Flood Risk Management in England - Public Accounts Committee Contents


1   Expenditure on flood protection

1. The Government regards flood risk management as a national priority. Currently some 5.2 million properties are at risk of flooding from rivers, the sea or surface water.[2] In recent years the annual cost of flood damage is estimated to be at least £1.1 billion and this is set to rise due to ageing defences and climate change. In 2010-11 the Department for Environment, Food and Rural Affairs (the Department) spent £664 million on flood and coastal risk management, 95% of which went to the Environment Agency (the Agency).[3]

2. The Agency estimated in 2009 in its long-term investment strategy that expenditure on flood defences needed to increase by £20 million every year from 2010 to 2035 to sustain current levels of protection as risk increases due to climate change.[4] This means that the Agency's budget would have needed to rise by 9% during the current spending review period (2011-12 to 2014-15). But levels of central government funding to the Agency have been reduced by 10 % between 2011-12 to 2014-15.[5]

3. The Agency told us it had committed to 15% efficiency savings which meant that planned levels of flood protection would be achieved despite the reduction in its budget.[6] Savings would be delivered through more effective working and reductions in contract costs, rather than reductions in the scale of the protection programme.[7]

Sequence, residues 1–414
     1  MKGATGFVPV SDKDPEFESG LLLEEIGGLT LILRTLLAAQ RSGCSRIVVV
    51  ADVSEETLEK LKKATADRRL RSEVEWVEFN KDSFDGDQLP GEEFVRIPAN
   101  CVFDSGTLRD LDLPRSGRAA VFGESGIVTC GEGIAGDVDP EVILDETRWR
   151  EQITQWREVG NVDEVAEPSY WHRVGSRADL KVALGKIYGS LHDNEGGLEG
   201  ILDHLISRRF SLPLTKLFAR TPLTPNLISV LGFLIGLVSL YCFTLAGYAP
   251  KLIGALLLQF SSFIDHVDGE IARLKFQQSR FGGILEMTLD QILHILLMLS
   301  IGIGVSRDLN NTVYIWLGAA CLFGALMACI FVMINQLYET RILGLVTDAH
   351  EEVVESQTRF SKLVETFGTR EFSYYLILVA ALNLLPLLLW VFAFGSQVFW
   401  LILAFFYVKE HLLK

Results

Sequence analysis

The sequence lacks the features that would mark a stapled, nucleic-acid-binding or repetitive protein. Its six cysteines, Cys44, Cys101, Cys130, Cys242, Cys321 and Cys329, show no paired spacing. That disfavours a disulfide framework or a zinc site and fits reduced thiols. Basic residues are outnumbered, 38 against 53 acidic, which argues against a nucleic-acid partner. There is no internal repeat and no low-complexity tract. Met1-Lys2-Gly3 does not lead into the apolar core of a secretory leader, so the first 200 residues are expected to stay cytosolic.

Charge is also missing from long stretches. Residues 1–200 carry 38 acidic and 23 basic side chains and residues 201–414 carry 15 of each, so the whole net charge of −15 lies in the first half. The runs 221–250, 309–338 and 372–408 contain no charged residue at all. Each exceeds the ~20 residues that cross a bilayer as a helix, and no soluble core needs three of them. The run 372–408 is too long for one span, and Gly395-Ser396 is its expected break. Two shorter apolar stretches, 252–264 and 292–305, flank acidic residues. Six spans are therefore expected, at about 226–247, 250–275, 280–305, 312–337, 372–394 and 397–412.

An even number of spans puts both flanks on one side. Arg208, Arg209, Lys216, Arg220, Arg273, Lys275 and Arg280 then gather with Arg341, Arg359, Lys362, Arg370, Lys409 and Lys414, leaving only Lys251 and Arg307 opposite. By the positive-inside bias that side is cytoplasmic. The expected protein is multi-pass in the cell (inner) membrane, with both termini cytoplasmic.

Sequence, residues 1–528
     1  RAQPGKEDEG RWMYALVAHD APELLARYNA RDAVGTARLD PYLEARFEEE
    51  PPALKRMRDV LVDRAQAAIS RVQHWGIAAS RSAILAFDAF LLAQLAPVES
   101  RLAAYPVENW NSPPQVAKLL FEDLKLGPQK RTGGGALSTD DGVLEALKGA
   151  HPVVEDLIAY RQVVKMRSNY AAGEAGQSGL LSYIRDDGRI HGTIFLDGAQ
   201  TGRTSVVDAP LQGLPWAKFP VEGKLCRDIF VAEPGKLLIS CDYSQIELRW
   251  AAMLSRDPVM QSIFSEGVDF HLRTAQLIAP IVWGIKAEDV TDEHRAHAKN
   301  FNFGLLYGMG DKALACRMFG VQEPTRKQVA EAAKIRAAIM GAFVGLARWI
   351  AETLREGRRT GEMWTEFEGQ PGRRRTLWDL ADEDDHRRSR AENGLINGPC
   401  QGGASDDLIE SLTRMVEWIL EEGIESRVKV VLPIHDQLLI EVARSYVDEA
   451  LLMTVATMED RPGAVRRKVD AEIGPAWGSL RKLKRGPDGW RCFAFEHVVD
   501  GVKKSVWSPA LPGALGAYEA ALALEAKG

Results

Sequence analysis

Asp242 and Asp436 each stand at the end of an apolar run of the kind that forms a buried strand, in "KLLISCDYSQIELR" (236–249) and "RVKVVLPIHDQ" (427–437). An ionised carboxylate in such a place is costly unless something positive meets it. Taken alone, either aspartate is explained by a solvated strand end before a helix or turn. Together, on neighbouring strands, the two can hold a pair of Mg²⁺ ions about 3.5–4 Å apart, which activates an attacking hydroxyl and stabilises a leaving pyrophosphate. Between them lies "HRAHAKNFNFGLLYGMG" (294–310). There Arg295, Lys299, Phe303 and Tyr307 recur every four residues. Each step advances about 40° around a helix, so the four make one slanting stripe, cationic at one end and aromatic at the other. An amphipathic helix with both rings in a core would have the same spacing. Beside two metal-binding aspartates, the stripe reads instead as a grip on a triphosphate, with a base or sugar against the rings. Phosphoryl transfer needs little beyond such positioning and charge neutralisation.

4. The Agency has not adjusted its long-term investment strategy in the light of these planned efficiencies. The Agency told us it had just established a project to review its long-term investment strategy, but it did not know what the scale of the long-term funding gap would be.[8]

5. The Department has developed a new approach to encourage more funding from local sources including private companies and from local authority levies.[9] The Agency has identified £43 million of external funding for the current spending review period, but none of this has been contractually agreed.[10] In the previous spending review period only £13 million of the national flood protection programme was funded by local contributions.[11]

6. We are sceptical about how much the Department can rely on funding from local sources when local authorities are balancing more pressing needs. The Department told us that it did not expect all local authorities to raise additional funds, but it did not have a clear plan setting out the extent to which additional local funds would replace funding previously provided nationally.[12]

7. In addition, more complex partnerships and funding agreements may mean schemes take longer to put in place and may cost more to develop. For example, legal costs are likely to increase when negotiating individual agreements. The Agency was aware of this risk and was committed to monitoring the impact of the new arrangements in the future.[13]



2   C&AG's report, para 1.1 Back

3   C&AG's report,paras 1 & 2 Back

4   C&AG's report, para 1.4 Back

5   C&AG's report, para 3 Back

6   Qq 5-10 Back

7   Qq 6, 52 - 55 Back

8   Q 56 Back

9   Q 11 Back

10   Q 16, 25 Back

11   C&AG's report, para 3.15 Back

12   Qq 11- 14 Back

13   Q 26 Back


 
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© Parliamentary copyright 2012
Prepared 31 January 2012